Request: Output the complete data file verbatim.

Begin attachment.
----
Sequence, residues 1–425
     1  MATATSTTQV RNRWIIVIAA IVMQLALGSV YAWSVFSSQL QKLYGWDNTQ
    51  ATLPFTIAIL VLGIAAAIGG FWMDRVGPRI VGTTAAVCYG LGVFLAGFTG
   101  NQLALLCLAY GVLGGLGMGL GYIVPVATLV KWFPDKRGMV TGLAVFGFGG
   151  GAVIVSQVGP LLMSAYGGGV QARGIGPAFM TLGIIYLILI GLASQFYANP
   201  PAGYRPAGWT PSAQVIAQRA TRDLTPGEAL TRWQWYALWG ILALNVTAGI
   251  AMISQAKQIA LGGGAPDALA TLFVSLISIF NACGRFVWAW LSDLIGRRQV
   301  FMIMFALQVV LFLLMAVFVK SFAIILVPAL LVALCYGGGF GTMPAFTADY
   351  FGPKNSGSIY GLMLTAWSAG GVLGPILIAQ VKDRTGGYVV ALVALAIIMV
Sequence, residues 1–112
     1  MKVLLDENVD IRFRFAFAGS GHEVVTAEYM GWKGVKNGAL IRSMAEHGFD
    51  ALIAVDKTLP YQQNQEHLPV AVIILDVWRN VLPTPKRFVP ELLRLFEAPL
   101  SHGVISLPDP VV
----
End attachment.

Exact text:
Sequence, residues 1–425
     1  MATATSTTQV RNRWIIVIAA IVMQLALGSV YAWSVFSSQL QKLYGWDNTQ
    51  ATLPFTIAIL VLGIAAAIGG FWMDRVGPRI VGTTAAVCYG LGVFLAGFTG
   101  NQLALLCLAY GVLGGLGMGL GYIVPVATLV KWFPDKRGMV TGLAVFGFGG
   151  GAVIVSQVGP LLMSAYGGGV QARGIGPAFM TLGIIYLILI GLASQFYANP
   201  PAGYRPAGWT PSAQVIAQRA TRDLTPGEAL TRWQWYALWG ILALNVTAGI
   251  AMISQAKQIA LGGGAPDALA TLFVSLISIF NACGRFVWAW LSDLIGRRQV
   301  FMIMFALQVV LFLLMAVFVK SFAIILVPAL LVALCYGGGF GTMPAFTADY
   351  FGPKNSGSIY GLMLTAWSAG GVLGPILIAQ VKDRTGGYVV ALVALAIIMV
Sequence, residues 1–112
     1  MKVLLDENVD IRFRFAFAGS GHEVVTAEYM GWKGVKNGAL IRSMAEHGFD
    51  ALIAVDKTLP YQQNQEHLPV AVIILDVWRN VLPTPKRFVP ELLRLFEAPL
   101  SHGVISLPDP VV